Renton v. Playtime Theatres, Inc., 475 U.S. 41 (1986)

2012-08-24 13:57:50

The City of Renton, Washington, using its zoning authority, prohibited adult motion picture theaters from locating within 1,000 feet of any residential zone, church, park, or school. When the ordinance was challenged by Playtime Theatres, the federal district court upheld the constitutionality of the ordinance, relying on Young v. American Mini Theatres, Inc (1976) and on United States v. O’Brien (1968). The Ninth Circuit Court of Appeals reversed the lower court based on a different interpretation of the fourpart test in O’Brien. The appellate court concluded Renton improperly relied on studies of other cities to establish the secondary-effects of adult motion picture theaters and thus also failed to establish the substantial government interest required to justify the ordinance. Finally, Renton’s interest appeared to be related to the suppression of protected activity.

The Supreme Court reversed the Court of Appeal by a vote of seven to two with Rehnquist writing the majority opinion, which Burger, White, Powell, Stevens, and O’Connor joined. Blackmun concurred in the result but did not write separately. Brennan’s dissent was joined by Marshall.

‘‘In our view, ‘‘Rehnquist states,’’ the resolution of this case is largely dictated by our decision in Young v. American Mini Theatres, Inc.’’ As in this earlier case, the Renton ordinance was a content neutral time, place, and manner regulation that served a substantial government interest, preventing the secondary effects of adult motion picture theatres in the city’s neighborhoods. The ordinance was not aimed at suppressing free expression but merely the location of the theatres and minimizing their secondaryeffects. Because the ordinance is content-neutral, only intermediate scrutiny rather than strict scrutiny is required. Moreover, because the ordinance is ‘‘narrowly tailored’’ to affect only specific categories of theaters ‘‘shown to produce the unwanted secondary effects,’’ it avoids the flaw of other regulations that were found to be overbroad in Schad v. Borough of Mount Ephraim (1981) and Erznoznik v. City of Jacksonville (1975).

As for the empirical determination of these effects, which would establish the government’s interest in controlling them, Rehnquist declared that Renton’s reliance on studies from other cities was appropriate. ‘‘The First Amendment does not require a city, before enacting such an ordinance, to conduct new studies ... so long as whatever evidence the city relies upon is reasonably believed to be relevant to the problem the city addresses.’’ In 2002, O’Connor, writing for a plurality in City of Los Angeles v. Alameda Books, Inc., specifically reaffirmed Rehnquist’s view while deploying more generally the same analytical framework as Renton v. Playtime Theatres.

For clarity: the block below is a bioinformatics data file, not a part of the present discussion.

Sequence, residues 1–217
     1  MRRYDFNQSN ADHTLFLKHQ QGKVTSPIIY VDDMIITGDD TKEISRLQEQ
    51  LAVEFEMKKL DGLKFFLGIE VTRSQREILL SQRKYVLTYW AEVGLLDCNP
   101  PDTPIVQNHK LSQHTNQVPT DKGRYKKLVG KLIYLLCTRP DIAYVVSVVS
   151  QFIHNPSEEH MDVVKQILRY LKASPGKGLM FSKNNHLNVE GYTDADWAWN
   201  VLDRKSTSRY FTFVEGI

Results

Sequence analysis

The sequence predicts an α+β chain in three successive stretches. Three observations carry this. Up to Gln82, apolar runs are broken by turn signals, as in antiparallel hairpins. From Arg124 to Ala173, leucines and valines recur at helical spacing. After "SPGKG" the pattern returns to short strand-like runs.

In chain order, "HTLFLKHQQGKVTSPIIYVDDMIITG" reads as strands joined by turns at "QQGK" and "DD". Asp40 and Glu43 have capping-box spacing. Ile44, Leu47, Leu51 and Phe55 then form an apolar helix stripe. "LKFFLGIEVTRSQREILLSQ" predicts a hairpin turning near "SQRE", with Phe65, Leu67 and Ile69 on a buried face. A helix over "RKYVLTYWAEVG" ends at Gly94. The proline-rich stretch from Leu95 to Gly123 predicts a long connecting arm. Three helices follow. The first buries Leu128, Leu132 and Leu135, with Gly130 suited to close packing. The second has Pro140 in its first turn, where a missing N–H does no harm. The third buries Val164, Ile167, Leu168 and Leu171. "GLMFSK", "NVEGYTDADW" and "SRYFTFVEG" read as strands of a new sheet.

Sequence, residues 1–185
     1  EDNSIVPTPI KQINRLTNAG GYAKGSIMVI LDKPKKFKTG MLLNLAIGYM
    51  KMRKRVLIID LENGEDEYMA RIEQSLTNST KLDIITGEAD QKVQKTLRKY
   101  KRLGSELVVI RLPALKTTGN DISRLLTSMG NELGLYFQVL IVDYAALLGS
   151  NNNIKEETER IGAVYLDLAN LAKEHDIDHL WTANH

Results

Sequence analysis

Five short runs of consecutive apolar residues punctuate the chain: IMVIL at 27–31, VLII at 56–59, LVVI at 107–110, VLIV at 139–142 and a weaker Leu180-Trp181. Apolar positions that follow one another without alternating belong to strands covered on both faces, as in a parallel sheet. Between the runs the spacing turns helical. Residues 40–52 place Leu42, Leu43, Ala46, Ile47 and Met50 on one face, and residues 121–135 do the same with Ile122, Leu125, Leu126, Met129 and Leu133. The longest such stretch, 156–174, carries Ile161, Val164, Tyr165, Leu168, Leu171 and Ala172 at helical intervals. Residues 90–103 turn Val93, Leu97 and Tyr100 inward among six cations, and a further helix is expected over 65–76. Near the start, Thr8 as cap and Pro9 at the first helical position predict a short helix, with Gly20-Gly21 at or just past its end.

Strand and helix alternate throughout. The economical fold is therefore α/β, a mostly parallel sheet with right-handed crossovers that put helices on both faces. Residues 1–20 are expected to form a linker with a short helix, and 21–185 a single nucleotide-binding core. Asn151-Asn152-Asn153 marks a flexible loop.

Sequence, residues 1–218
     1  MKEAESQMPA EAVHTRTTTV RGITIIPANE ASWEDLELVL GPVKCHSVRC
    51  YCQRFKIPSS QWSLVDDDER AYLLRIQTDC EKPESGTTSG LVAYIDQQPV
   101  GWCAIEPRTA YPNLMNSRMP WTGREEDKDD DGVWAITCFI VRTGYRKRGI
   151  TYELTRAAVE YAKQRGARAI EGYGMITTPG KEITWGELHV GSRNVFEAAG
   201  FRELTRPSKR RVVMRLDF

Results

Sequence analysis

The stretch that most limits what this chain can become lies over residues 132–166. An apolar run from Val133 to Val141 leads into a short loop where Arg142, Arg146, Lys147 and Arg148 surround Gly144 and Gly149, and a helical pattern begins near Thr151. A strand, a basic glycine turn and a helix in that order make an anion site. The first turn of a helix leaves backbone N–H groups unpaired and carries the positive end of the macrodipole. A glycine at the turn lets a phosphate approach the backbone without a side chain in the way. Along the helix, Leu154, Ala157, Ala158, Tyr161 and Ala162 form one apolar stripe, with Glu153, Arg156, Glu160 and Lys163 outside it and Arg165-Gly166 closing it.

In his dissent, Brennan complained that the Court incorrectly analyzed this case. In particular, the Court sidestepped the issue that Renton’s ordinance rests on the content of the expression being regulated by claiming it addresses only the secondary effects of particular kinds of theaters. While secondary effects may provide a compelling reason to regulate the establishments producing them, it does not follow that Renton’s regulations are content neutral. For instance, the ordinance does not cover other forms of ‘‘adult entertainment,’’ such as bars, massage parlors, or adult bookstores, which indicates Renton’s ordinance is ‘‘under-inclusive,’’ one of the problems the Court noted in Erznoznik v. City of Jacksonville (1975), but also ‘‘cogent evidence’’ that the ordinance was aimed at the content of films in adult movie theaters.


References and Further Reading

  • Alexander, Donald. The Politics of Pornography. Chicago: University of Chicago Press, 1989.
  • Hixson, Richard F. Pornography and the Justices: The Supreme Court and the Intractable Obscenity Problem. Carbondale: Southern Illinois University Press, 1996.
  • Mackey, Thomas C. Pornography on Trial: A Handbook with Cases, Law, and Documents. Santa Barbara, CA: 4/21/2006, 2002.

Cases and Statutes Cited

  • City of Los Angeles v. Alameda Books, Inc., 535 U.S. 425 (2002)
  • Erznoznik v. City of Jacksonville, 422 U.S. 205 (1975)
  • Schad v. Borough of Mount Ephraim, 452 U.S. 61 (1981)
  • United States v. O’Brien, 391 U.S. 367 (1968)
  • Young v. American Mini Theatres, Inc., 427 U.S. 50 (1976)